Open congressional seat: Day 11
Someone thinks Lara Trump would be a good successor for Rep. Pete King’s soon-to-be-vacated seat.
A poll from Club for Growth PAC, a limited-government, pro-free enterprise group, found strong support for President Donald Trump’s daughter-in-law when compared to former Rep. Rick Lazio, who served four terms in Congress and launched unsuccessful U.S. Senate and gubernatorial runs.
The Nov. 17-18 survey of 400 Republican primary voters in CD2 was first reported by Breitbart Wednesday night. Conducted by WPA Intelligence, it found 60 percent favorability ratings for Lara vs. 26 percent for Lazio. She would win by 34 points head to head, the poll suggests.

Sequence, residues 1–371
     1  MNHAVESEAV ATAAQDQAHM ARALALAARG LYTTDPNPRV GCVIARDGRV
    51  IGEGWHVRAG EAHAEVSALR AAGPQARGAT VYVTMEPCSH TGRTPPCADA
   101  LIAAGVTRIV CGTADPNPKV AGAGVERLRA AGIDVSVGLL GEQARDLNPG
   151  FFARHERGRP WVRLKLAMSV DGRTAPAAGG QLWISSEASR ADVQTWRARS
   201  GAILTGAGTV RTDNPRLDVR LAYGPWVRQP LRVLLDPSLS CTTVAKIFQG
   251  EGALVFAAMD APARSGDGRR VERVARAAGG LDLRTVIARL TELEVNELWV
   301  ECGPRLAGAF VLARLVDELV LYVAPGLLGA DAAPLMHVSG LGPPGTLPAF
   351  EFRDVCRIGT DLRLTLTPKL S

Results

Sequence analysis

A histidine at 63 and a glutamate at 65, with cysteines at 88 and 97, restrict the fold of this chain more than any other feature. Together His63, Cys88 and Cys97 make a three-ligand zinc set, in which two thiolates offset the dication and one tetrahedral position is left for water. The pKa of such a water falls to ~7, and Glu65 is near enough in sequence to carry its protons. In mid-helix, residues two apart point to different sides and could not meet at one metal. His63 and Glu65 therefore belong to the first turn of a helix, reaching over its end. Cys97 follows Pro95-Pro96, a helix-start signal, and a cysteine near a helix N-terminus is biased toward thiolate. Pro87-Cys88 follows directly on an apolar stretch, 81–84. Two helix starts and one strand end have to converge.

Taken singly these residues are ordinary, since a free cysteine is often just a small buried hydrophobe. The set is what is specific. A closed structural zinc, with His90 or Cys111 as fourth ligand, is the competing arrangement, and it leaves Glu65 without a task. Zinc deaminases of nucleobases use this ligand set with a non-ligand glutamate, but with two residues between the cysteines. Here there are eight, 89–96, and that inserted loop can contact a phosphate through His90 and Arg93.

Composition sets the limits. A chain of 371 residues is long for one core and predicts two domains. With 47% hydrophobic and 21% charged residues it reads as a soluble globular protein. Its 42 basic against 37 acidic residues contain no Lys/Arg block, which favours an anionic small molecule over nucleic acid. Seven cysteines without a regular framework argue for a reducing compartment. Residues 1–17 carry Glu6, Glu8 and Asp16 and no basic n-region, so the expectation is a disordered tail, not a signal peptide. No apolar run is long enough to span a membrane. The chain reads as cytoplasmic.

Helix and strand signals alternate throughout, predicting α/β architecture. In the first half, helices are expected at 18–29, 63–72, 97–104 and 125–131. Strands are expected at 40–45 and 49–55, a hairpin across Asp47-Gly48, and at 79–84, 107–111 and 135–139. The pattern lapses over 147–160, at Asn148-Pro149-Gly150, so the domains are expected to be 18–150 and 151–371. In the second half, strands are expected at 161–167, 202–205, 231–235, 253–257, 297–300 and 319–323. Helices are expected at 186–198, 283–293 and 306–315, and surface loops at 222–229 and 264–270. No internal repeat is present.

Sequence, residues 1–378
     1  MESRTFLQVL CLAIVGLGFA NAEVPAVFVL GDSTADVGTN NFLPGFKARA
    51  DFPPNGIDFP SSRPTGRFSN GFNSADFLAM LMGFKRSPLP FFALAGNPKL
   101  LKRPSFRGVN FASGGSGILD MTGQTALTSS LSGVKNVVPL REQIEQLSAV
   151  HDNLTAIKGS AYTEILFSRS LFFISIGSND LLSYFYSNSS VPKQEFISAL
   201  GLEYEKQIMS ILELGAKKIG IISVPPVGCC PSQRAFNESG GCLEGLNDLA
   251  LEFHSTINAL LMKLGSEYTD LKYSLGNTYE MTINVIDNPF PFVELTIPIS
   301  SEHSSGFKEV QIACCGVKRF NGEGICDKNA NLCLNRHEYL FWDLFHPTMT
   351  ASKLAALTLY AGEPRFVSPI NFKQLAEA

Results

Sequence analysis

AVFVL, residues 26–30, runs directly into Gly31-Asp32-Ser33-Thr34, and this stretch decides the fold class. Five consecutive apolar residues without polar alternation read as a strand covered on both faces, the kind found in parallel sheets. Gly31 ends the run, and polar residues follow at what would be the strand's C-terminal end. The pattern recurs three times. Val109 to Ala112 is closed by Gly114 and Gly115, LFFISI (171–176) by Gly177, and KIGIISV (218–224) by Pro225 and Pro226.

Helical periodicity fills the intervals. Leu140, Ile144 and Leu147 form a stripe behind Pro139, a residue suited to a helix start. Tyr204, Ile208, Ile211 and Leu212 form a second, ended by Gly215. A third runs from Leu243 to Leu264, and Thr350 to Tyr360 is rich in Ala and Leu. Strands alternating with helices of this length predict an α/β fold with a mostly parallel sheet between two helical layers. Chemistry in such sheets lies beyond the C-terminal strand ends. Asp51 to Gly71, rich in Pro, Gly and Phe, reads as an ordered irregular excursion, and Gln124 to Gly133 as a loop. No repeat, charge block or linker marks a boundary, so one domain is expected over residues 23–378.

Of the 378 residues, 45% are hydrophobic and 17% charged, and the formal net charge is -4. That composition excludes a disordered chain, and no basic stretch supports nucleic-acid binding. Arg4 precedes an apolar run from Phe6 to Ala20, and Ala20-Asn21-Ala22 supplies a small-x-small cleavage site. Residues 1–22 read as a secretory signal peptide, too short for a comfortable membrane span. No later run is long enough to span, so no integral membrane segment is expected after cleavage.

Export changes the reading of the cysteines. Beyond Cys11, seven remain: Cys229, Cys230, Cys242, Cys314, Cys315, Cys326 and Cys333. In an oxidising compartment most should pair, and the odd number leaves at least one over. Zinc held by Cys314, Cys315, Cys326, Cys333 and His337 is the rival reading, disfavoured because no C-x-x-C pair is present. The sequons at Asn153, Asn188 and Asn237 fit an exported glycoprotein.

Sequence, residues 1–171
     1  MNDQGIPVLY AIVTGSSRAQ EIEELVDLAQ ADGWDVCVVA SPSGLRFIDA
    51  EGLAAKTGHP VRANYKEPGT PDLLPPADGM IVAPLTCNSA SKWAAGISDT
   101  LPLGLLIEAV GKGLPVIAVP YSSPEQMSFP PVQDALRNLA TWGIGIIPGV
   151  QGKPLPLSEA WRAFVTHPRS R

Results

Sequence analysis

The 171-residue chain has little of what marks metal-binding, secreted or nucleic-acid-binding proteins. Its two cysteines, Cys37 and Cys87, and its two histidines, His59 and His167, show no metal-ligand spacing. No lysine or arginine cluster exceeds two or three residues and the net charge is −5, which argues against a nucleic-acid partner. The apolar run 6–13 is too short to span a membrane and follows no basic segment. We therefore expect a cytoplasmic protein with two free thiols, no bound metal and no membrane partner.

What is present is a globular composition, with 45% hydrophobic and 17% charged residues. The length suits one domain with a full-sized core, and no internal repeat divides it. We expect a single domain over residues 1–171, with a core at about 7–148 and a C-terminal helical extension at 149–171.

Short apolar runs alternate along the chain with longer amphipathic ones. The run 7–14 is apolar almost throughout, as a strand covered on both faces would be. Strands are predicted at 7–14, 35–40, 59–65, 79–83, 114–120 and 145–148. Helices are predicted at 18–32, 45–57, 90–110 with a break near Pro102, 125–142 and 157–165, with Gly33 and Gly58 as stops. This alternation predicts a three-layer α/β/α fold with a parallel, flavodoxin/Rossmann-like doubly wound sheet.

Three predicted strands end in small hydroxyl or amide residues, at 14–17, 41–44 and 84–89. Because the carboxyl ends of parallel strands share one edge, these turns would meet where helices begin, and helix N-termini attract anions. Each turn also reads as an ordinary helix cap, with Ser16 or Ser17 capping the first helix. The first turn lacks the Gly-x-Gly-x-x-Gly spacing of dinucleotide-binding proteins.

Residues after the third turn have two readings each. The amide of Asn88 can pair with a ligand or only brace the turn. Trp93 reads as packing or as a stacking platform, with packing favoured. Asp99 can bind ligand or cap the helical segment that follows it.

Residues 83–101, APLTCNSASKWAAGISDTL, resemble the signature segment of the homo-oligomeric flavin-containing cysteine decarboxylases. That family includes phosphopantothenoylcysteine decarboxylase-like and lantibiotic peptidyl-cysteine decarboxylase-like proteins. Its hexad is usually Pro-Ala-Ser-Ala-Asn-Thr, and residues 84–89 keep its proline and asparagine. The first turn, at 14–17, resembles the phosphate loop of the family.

The Trump relative has been floated as a possible political candidate before, but she kept it breezy in a Wednesday tweet referencing the poll: “Wow! I’m honored! But first, #FourMoreYears for @realDonaldTrump.”
The former Lara Yunaska of North Carolina does not have much pre-Trump political experience. She studied communications at North Carolina State and worked in media, as well as the culinary arts, according to news stories.
She married Eric Trump in a 2014 Mar-a-Lago celebration wearing “Vera Wang and bandages on her wrists - she broke both horse riding two weeks before,” according to The Evening Standard.